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Lewes, Delaware
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July 14, 2000     Cape Gazette
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July 14, 2000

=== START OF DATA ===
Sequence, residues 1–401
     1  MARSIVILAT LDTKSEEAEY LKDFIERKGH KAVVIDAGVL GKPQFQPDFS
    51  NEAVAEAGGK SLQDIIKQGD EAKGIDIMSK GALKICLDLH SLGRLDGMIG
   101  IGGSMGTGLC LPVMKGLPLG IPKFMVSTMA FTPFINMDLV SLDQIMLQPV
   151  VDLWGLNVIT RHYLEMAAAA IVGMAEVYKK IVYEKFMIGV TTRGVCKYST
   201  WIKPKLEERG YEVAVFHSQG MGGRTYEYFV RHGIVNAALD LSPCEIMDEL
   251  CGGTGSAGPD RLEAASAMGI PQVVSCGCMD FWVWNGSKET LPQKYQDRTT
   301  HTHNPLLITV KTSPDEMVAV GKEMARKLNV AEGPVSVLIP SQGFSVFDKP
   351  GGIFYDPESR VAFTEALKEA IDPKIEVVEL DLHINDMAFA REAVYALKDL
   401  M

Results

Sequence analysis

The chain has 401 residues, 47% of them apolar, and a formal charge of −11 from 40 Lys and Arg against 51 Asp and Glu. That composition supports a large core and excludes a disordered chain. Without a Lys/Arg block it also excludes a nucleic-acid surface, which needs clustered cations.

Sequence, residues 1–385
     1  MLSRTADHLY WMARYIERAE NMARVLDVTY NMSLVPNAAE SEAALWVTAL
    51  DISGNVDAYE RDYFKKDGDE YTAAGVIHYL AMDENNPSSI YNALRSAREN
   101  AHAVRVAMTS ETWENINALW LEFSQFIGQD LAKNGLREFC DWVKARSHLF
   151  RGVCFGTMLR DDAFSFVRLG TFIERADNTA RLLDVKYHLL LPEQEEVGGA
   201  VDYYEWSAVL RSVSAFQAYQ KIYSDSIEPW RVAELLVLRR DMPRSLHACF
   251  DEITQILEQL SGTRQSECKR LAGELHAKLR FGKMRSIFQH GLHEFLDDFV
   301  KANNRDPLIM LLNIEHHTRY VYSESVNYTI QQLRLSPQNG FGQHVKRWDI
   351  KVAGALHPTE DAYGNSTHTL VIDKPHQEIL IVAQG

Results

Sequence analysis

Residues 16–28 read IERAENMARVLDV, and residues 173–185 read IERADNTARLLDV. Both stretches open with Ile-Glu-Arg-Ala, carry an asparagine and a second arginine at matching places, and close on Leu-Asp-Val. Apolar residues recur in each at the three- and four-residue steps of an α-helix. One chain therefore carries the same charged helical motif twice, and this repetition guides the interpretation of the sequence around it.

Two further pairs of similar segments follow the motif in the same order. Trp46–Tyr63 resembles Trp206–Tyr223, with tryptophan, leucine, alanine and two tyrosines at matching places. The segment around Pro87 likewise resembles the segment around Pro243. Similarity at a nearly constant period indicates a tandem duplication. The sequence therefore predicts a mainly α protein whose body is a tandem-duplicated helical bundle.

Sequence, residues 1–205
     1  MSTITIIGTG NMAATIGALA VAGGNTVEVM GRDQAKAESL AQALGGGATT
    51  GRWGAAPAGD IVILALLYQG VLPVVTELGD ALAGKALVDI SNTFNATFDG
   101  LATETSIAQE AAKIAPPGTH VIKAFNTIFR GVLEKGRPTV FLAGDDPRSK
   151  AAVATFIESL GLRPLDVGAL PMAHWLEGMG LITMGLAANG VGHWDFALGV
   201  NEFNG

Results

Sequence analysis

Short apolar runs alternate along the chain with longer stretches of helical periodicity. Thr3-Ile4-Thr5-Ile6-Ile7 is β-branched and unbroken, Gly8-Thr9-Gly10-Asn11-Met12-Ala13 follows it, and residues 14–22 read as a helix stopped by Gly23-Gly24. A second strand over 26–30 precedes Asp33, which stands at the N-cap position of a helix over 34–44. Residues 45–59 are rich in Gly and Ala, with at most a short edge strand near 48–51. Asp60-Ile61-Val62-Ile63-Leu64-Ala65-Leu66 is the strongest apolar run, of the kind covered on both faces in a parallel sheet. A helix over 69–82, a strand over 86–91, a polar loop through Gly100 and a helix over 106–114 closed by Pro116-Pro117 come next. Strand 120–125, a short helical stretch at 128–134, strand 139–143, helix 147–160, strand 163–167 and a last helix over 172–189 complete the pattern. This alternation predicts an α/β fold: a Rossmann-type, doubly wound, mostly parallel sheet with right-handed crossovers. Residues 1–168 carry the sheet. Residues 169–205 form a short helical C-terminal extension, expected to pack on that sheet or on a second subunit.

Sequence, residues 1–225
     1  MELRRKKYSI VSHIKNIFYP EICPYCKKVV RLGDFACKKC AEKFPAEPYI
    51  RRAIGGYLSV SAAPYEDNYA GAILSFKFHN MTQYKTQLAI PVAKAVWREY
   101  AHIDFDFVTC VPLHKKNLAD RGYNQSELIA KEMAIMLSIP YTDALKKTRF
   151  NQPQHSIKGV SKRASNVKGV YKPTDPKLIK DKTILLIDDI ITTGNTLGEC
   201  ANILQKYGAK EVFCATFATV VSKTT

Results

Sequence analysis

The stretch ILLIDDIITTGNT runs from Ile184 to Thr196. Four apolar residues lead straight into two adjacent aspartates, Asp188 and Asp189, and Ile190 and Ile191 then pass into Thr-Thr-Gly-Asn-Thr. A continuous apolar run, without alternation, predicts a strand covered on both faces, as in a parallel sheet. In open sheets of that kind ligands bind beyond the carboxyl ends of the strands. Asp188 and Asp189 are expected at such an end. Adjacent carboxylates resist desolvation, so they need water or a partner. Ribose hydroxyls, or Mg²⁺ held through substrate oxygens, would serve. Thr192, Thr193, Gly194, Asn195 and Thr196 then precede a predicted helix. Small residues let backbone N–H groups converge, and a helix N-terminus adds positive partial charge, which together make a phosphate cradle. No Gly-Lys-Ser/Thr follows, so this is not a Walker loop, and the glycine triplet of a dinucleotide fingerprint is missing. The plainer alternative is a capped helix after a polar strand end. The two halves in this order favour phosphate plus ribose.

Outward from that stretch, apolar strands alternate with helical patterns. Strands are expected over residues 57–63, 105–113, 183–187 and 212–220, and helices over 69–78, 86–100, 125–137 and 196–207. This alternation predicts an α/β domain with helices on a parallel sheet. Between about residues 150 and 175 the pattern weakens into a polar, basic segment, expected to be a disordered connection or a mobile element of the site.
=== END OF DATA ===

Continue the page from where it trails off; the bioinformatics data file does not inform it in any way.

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6 - CAPE GAZETI"E,'Friday, July 14 .July 20; 2000 VIEWPOINTS Police campaign against jerks laudable The Delaware State Police organization deserves commendation from the public for its strong stance this summer against aggressive driving. Without the intervention of officers keying on aggressive driving instances, our highways will be more dangerous than they are otherwise. There are severe consequences that result from aggressive driving. An article in a recent edition of the Cape Gazette related serious injuries that followed a four-car collision. Two of the drivers involved in the accident were speeding weavers, racing, and the other two cars were innocent drivers trying to make their way responsibly to their destinations. Every day we see accidents along Route 1 that arise from people running red lights, driving the shoul- ders, switching lanes erratically and otherwise exhibiting more atti- tude than is prudent on the roadways. In a word, jerks. There are times when you can't help but think that DelDOT could fatten its coffers by building bleachers at some of the more dangerous inter- sections and sell tickets to people who want to witness accidents. Why go to Dover Downs? The bottom line is that all of us need to be more responsible dri- vers. We can assist the police in the campaign against aggressive drivers by reporting irresponsible driving. Get in the habit of writ- ing down license tag numbers. Delaware State Police advises that to report aggressive driving, call 855-2980. What they want is the tag number, the state, the color of the vehicle and a description of the operator if possible. They take that information and broadcast it so the offending vehicle can be stopped. With the public's support of the campaign against aggressive driving, and joining the fight by tak- ing down tags and reporting instances, we might actually be able to gain a little. Letters Action needed to keep inlets clear Our inlets - Roosevelt and Indian River - are increasingly less effective as navigational waterways because of the popularity of fishing in them. It may not seem as obvious now that the fish have spread out but the problem still persists. Anglers who don't obey the rules of the road and stay out of the channels used by vessels com- ing and going are jeopardizing their opportunity to fish these waters. There are laws that can be enforced to keep the inlets clear but the state's agents try to be accommodating for those who want to fish responsibly. As good management of resources continues to improve fishing in our local waters, this problem will only worsen if boaters don't stay out of the way and if proper enforcement isn't pur- sued. A couple of suggestions to help ease the situation include post- ing of some large signs in these areas advising boaters of their responsibilities and, possibly, considering the placement of markers to designate where fishing is permissible. Delaware remains anti- quated compared to its Maryland and Virginia neighbors when it comes to good navigational markers in its rivers and bays. Placement of educational signs and good markers would go a long way toward helping to ease a problem that is worsening. The Weather Picture HI Lo p_ July 6 83 68 None July 7 78 65 None July 8 78 65 None July 9 85 61 None July t0 92 75 None July 11 91 70 .44 July 12 80 64 Trace AS reported by the Lewes Board of Public Works Power Plant, an official U.S. Weather Station. Dennis Forney photo The Harbor of Refuge Light off the point of Cape Henlopen reflects the bright sun on a clear, nearly flawless summer day in July. We all want to live through the summer I was wondering when running red lighfs became legal? I am also won- dering when blocking the intersec- tions became acceptable behavior? Are those road signs just suggestions now? What I really don't understand is why people have become so rude and uncaring on the highways. You know who you are! You think you are the only late person on the road, the only one with a purpose for being where you are. Well, here is a piece of news: there are many people on this earth and on a much smaller scale, there are many people in Sussex County. It is summer at the beach, folks, and there are lots of people on the roads. That includes friends, brothers, mommies and babies. Try to take these people into consideration when you are running your red light! The sale on strawberries will still be in effect if you have to wait five extra minutes. So while you're out there, relax and be safe so we can all live through the summer. Lori M. Boyer Lewes Fireworks watchers ignore dune rules The following letter was sent to Rehoboth Beach Main Street Inc., with a cop), submitted to the Cape Gazette for publication. The tide comes, the tide goes...and so do we. The beach remains. But only if we take care of it. I watched Sunday's marvelous fire- works from the boardwalk at the end of Norfolk Street. Among my fellow enthusiastic observers and enjoying manmade and natural pleasures were a clutch of 50-somethings, a dad hold- ing his toddler aloft, a cuddling cou- ple, a bathing beauty displayed on a beach towel and teens playing with a Frisbee. They were all lying, stand- ing, sitting or playing on the dunes. The next day it was already possi- ble to see the impact that these people and others had made on this fragile ecosystem. The fireworks at the beach are wonderful, but we need to take care of that beach.. I am sure that many of these folks were unaware of their effect. As it got dark, the signs instructing people to stay off the dunes weren't even readily visible. I hope you will brainstorm some possible solutions to this problem and implement them for next year's cele- bration. With all the publicity atten- dan} to the firework s , it should be possible to educate as well as entice visitors, so that all our guests act in a responsible manner. Perhaps addi- tional solutions would be to string yellow police tape on both sides of the boardwalk, or to post official commu- nity volunteers to remind people. I hope we will do all we can as a community to help ensure that our children's children's children will also be enjoying glorious Fourth of July fireworks on the beach. Sherry Chappeile Rehoboth Beach Rehoboth woman speaks out on abortion , A recent announcement by some major automaker companies that they have agreed to grant benefits to part- ners of their homosexual employees prompts me to write this letter. The shortage of good employees has caused them to fear that present employees may locate where such benefits are offered. Prevalent are advertisements and enticements from outlets, malls, fast-food restaurants, small industries saying "Help Wanted," and inviting people to join their workforces so their businesses can survive. The plain logic is that we have lost (aborted) 41 million people since Continued on page 7 Write Now Letters must be signed and include a telephone number for ver- ification. Please keep letters to 750 words or less. Write to Cape Gazette, PO Box 213, Lewes, Delaware 19958 or fax to 645-1664. Volume 8 No. 8 Publisher Dennis Forney Editor Tdsh Vernon newsroom Associate Editor Kerry Kester kester @ News Editor Michael Short mshort@ News Steve Hoenigmann steveh @ Jim Cresson Rosanne Pack aek@ Jen Ellingsworth Janet Andrelczyk Photogrephem Bob Bowden Dan Cook Sports Editor Dave Frederick fredman Sports Writers Tim Bamforth tbemforth @ Frederick Schranck Fschranck@ Advertlslng Cindy Forestied Sharon Hudson Nancy Stenger Joseph nj0seph @ Maureen Russell merussell @ Pat Jones Classified Sandy Barr Office Manager Kathy Emery kemeff @ Webmaster Catherine M. Tanzer web @ Receptionist Kandy Vicary Circulation Harry Stoner Production Coordinator Deidre Sudimak Production Staff Susan Porter Chris Wildt Molly Wingate Laura Kuchadk Norma Parks Contributors: Susan Frederick Nancy Katz E-mail for news, lettem: newsroom @ E-mall for advertising: production @ capeoazelte,com E-mall to subscribe: subscribe @capegazette.eom The Cape Gazette (USPS 010294) is published by Cape Gazette Limited every Friday at the Midway Shopping Center, Highway One, Rehoboth Beach DE 19971. Second class postage paid at Rehoboth Beach, Delaware. Address all correspondence to Cape Gaz- ette, PO Box 213, Lewes, Delaware 19958: Telephone: 302-645-7700. FAX: 645-1664. Subscriptions are available at $25 per year in Sussex County; $40 elsewhere. POSTMASTER: Send address changes to The Cape Gazette, P.O. Box 213, Lewes, Delaware 19958. "Until you understand a writer's ignorance, presume yourself ignorant of his under- standing." Samuel Taylor Coleridge